The Red Chesterfield
by Wayne Arthurson (University of Calgary Press)
M is a bylaw officer, living with two brothers, in their parents’ old house. While investigating a suspicious yard sale, M discovers a red chesterfield sitting in a ditch. Looking closer, M finds a running shoe—and a severed foot.
Now M is involved in a murder investigation. Meanwhile, older brother K’s work for a new political party begins to seem suspicious, while younger brother J navigates the complicated world of young-adulthood, and boss Rhonda demands more and more attention, M must navigate a world of Russian gangsters and neglected wives, biker gangs and suspicious coincidences. On top of everything else, M is determined to track down the owner of that red chesterfield and make sure they get a ticket. The Red Chesterfield is a delightful, unusual novella that upends the tropes and traditions of crime fiction while asking how far one person is willing to go to solve a crime, be it murder or the abandonment of a piece of furniture. Wayne Arthurson is a writer of Cree and French-Canadian descent.
Empire of Wild
by Cherie Dimaline (Penguin Random House Canada)
Broken-hearted Joan has been searching for her husband, Victor, for almost a year—ever since he went missing on the night they had their first serious argument. One hung-over morning in a Walmart parking lot in a little town near Georgian Bay, she is drawn to a revival tent where the local Métis have been flocking to hear a charismatic preacher. By the time she staggers into the tent the service is over, but as she is about to leave, she hears an unmistakable voice. She turns, and there is Victor. Only he insists he is not Victor, but the Reverend Eugene Wolff, on a mission to bring his people to Jesus. And he doesn’t seem to be faking; there isn’t even a flicker of recognition in his eyes. With only two allies—her odd, Johnny-Cash-loving, 12-year-old nephew Zeus, and Ajean, a foul-mouthed euchre shark with deep knowledge of the old ways—Joan sets out to remind the Reverend Wolff of who he really is. If he really is Victor, his life, and the life of everyone she loves, depends upon her success. Inspired by the traditional Métis story of the Rogarou—a werewolf-like creature that haunts the roads and woods of Métis communities—Cherie Dimaline has created a propulsive, stunning and sensuous novel.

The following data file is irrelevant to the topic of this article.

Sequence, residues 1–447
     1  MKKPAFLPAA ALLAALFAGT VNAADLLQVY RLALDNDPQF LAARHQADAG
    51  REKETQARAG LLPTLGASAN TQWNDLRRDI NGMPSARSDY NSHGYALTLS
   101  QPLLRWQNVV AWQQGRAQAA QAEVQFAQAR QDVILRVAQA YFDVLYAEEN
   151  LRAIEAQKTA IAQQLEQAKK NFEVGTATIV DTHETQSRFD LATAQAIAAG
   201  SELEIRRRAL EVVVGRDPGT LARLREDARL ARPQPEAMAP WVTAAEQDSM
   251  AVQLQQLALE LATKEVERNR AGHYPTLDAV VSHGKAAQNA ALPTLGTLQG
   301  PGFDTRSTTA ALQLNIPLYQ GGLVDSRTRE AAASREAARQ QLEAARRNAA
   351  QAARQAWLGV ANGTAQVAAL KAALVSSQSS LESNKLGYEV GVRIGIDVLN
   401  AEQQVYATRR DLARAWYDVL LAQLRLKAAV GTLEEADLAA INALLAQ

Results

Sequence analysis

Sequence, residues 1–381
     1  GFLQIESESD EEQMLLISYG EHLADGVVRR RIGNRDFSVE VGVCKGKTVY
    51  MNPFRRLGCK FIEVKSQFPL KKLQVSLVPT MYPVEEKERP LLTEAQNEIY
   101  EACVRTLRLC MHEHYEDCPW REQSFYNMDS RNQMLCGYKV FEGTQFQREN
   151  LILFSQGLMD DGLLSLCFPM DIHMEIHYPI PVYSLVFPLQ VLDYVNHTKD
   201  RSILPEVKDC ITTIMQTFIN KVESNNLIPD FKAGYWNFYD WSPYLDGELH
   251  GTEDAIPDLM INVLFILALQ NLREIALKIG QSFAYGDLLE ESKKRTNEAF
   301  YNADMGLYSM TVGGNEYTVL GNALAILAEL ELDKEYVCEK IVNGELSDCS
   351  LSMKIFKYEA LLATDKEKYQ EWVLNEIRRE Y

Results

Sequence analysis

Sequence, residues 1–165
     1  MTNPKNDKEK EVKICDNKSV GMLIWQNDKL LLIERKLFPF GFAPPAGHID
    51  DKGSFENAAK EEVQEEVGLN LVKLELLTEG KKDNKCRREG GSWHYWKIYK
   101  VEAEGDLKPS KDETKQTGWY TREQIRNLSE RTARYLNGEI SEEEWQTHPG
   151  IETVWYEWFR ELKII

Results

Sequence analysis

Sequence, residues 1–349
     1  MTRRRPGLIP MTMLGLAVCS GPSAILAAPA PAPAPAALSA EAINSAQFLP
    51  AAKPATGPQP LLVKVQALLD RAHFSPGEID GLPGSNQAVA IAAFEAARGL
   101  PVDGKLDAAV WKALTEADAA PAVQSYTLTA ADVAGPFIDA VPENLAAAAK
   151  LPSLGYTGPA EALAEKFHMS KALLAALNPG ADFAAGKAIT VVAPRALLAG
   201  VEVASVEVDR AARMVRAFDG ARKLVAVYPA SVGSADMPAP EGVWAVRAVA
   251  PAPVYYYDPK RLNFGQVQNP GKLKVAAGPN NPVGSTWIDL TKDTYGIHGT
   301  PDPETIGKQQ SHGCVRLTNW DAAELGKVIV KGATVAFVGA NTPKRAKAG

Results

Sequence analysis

by Esi Edugyan (HarperCollins Canada)
Esi Edugyan’s Half-Blood Blues took the literary world by storm when it was first published, captivating readers and reviewers with its audacity, power, and sheer brilliance. The novel won or was nominated for every literary prize in Canada—and many international ones, too, including the prestigious Man Booker Prize.